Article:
4.2 Network architecture

Our proposed network consists of three Fully Convolutional Network (FCNs): two encoders and one decoder (Fig. 6). The two encoders are a deep network, the content subnet, to extract content feature from a content image, and a shallow network, the style subnet, to extract style feature from a style image. The feature injection is employed between the content subnet and the style subnet using the balance weight (cf. Section 4.4). This balance weight is also used to adaptively concatenate the features and at the top of content and style subnet before being fed into a deep network, the generator subnet, to produce a stylized image. We employ the VGG-16 model [33] as the loss network in the training phase.

Our network receives the content and style images where each image is with the size of ( is the size of image, 3 are for RGB channels), and synthesizes an stylized image of . In the training phase, we use the images of ( = 256). Although we train the network on images with the size of , the network can accept any size of images in testing ( can be 64, 128, 256, or 512). We remark that the size of the content image and that of the style image have to be the same to ensure the consistency of the feature size when injecting and concatenating the content and the style features.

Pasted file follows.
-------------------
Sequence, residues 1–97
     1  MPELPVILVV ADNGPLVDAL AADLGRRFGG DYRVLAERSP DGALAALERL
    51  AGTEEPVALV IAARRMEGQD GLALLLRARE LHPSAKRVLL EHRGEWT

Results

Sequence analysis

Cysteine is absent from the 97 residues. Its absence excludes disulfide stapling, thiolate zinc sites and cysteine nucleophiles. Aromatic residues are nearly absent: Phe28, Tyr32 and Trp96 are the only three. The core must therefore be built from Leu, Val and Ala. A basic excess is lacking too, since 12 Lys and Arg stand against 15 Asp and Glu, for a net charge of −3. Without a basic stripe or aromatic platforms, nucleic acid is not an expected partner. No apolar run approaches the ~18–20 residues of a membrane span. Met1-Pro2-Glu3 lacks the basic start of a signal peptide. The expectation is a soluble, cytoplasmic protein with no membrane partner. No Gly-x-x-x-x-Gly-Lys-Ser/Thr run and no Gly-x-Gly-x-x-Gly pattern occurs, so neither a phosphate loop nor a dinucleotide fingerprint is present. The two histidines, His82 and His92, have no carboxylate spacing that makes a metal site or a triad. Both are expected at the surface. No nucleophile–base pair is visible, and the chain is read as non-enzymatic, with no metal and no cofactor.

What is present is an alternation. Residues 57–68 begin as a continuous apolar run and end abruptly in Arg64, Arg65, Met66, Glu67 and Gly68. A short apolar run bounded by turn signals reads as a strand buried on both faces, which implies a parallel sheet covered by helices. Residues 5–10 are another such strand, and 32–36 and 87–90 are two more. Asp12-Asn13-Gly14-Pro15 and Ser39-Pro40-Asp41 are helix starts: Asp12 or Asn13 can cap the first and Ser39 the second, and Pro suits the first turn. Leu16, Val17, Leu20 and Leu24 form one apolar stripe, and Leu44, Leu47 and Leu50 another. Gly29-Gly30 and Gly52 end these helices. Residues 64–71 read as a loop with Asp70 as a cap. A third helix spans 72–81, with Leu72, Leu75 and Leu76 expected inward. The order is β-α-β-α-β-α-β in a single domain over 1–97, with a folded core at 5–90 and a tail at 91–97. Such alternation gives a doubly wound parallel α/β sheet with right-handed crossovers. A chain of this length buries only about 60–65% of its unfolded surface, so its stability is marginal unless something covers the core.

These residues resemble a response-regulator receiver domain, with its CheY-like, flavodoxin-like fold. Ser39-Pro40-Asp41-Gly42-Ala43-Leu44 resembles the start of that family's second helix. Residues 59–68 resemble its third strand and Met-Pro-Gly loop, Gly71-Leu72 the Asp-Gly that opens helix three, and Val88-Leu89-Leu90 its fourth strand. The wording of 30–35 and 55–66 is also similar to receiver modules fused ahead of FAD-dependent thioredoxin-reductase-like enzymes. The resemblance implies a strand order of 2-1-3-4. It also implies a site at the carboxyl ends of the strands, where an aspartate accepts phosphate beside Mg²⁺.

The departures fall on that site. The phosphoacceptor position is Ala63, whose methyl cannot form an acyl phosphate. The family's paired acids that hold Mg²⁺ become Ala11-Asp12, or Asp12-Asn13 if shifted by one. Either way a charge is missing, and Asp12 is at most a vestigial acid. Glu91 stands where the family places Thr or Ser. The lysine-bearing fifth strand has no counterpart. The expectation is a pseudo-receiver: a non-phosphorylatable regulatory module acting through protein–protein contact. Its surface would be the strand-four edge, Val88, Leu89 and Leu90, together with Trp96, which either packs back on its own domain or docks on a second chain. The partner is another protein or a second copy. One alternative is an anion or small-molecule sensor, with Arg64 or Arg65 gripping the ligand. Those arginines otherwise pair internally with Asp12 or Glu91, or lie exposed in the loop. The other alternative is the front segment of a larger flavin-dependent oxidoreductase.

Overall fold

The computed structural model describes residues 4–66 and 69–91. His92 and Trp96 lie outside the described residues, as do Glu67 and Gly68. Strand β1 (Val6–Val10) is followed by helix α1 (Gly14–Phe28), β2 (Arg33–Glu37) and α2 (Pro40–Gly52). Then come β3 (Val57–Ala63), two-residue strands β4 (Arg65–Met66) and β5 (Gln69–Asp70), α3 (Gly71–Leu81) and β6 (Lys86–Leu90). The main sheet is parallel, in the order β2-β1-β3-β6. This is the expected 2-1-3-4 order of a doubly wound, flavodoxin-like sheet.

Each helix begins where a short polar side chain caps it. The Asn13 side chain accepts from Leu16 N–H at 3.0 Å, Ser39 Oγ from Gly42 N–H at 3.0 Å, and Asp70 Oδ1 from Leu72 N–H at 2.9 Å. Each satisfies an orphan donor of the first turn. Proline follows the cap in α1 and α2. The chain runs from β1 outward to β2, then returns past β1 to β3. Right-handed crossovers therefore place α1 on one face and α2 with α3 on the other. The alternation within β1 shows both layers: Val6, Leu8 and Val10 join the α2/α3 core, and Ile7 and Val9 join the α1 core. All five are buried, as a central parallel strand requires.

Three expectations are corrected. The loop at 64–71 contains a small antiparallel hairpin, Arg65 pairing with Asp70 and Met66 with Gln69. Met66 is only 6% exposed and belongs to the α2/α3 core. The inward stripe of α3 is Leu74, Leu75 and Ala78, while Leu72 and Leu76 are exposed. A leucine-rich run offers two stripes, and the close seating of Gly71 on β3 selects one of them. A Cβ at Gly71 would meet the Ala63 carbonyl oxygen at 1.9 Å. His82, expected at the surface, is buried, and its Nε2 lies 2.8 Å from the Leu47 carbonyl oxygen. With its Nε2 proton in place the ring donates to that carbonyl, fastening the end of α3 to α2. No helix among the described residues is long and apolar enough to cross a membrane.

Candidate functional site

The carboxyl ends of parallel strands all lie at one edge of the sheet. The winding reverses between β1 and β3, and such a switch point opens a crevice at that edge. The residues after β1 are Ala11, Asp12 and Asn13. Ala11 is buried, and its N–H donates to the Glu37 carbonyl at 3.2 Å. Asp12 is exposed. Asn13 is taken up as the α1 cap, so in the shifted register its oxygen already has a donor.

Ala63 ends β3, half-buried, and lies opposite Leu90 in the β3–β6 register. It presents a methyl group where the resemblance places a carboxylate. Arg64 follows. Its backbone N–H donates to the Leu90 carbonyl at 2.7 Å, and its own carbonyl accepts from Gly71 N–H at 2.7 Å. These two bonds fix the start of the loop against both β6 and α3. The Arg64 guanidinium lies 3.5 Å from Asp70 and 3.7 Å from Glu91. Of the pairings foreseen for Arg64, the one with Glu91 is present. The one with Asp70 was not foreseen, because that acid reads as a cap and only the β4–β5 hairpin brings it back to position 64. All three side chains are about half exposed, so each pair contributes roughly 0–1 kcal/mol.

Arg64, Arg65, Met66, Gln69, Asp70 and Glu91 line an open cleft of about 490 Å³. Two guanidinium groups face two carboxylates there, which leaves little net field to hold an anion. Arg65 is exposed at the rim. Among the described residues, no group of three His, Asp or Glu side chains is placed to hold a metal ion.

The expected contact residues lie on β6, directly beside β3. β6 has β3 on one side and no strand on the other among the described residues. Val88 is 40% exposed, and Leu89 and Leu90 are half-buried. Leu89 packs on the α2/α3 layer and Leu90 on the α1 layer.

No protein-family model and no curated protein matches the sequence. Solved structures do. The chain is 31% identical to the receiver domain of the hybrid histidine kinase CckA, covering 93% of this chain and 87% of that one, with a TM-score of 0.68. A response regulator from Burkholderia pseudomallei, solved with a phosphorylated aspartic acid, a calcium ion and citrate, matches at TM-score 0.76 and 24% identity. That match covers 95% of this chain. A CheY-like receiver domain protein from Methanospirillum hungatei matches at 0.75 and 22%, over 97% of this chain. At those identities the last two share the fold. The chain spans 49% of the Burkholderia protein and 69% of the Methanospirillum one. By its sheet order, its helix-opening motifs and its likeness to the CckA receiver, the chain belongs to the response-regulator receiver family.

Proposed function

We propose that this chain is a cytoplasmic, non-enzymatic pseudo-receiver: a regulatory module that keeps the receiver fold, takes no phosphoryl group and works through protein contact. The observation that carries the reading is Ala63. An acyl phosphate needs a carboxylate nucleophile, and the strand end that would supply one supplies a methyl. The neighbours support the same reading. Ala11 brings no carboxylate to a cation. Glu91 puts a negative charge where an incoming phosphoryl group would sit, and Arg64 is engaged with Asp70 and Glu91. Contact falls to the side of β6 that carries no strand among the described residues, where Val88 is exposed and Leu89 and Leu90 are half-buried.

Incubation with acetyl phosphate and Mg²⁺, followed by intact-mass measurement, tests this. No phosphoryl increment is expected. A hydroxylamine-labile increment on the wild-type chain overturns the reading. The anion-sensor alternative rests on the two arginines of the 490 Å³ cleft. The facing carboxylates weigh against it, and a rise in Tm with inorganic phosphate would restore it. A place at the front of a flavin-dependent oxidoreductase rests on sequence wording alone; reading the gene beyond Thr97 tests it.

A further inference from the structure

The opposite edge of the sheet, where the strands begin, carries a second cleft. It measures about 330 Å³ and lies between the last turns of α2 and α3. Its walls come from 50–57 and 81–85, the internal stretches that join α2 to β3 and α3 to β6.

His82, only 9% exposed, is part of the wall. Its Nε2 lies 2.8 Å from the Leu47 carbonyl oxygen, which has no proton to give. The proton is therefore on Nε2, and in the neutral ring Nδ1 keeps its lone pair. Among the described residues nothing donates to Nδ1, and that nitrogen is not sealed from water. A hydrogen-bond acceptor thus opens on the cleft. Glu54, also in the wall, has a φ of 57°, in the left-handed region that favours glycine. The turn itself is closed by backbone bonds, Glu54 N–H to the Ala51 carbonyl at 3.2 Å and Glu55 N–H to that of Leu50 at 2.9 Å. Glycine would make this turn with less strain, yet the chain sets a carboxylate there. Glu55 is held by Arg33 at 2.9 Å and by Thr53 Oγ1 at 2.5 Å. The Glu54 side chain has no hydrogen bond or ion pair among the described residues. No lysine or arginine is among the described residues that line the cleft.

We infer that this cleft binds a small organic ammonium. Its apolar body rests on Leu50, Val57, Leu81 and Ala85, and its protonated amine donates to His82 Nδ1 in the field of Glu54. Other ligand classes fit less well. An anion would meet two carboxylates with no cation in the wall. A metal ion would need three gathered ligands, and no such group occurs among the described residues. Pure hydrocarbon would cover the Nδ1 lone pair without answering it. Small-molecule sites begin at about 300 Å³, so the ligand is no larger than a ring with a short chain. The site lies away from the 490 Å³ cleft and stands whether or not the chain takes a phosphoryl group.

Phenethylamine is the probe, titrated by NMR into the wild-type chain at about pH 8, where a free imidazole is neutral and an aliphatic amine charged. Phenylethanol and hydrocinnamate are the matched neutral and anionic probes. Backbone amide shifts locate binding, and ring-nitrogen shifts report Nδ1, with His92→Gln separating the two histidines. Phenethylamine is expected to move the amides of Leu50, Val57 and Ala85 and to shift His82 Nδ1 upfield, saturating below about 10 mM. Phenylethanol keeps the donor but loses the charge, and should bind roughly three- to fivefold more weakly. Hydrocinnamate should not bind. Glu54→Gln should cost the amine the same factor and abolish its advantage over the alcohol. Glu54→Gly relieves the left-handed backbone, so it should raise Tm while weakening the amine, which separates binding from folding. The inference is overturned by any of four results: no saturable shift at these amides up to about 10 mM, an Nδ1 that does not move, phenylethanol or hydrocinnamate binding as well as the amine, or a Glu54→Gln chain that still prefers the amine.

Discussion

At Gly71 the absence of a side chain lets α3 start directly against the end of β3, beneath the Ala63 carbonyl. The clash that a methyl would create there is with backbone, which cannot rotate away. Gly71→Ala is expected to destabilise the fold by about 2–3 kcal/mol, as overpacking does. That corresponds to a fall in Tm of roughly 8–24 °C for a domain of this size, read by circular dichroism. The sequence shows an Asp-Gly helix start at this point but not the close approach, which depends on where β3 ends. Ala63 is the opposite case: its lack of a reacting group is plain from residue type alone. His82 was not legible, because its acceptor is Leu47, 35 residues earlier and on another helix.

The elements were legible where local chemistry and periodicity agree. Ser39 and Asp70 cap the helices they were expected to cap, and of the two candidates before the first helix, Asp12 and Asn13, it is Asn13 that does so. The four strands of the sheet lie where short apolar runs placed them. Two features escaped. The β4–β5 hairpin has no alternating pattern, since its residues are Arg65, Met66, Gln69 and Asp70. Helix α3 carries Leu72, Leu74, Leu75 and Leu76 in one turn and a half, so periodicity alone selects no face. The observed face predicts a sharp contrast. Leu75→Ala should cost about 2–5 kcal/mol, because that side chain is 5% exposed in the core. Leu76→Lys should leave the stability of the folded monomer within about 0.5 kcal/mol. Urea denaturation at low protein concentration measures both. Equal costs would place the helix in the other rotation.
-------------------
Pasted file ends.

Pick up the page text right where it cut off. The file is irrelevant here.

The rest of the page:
4.2.1 Content subnet

The content subnet is a stack of six convolution layers with the filter size of , and the padding size of . We use the stride of at the third, the fifth, and the sixth layers to reduce the size of feature maps and the stride of at the other layers. The numbers of the output channels are 32, 48, 64, 80, 96, and 128, respectively. Each convolution layer is followed by a spatial instance normalization (IN) layer [35] and a Rectified Linear Unit (ReLU) layer [28]. In order to avoid the border artifacts caused by convolution, the reflection-padding is used instead of the zero-padding similarly to [4].

4.2.2 Style subnet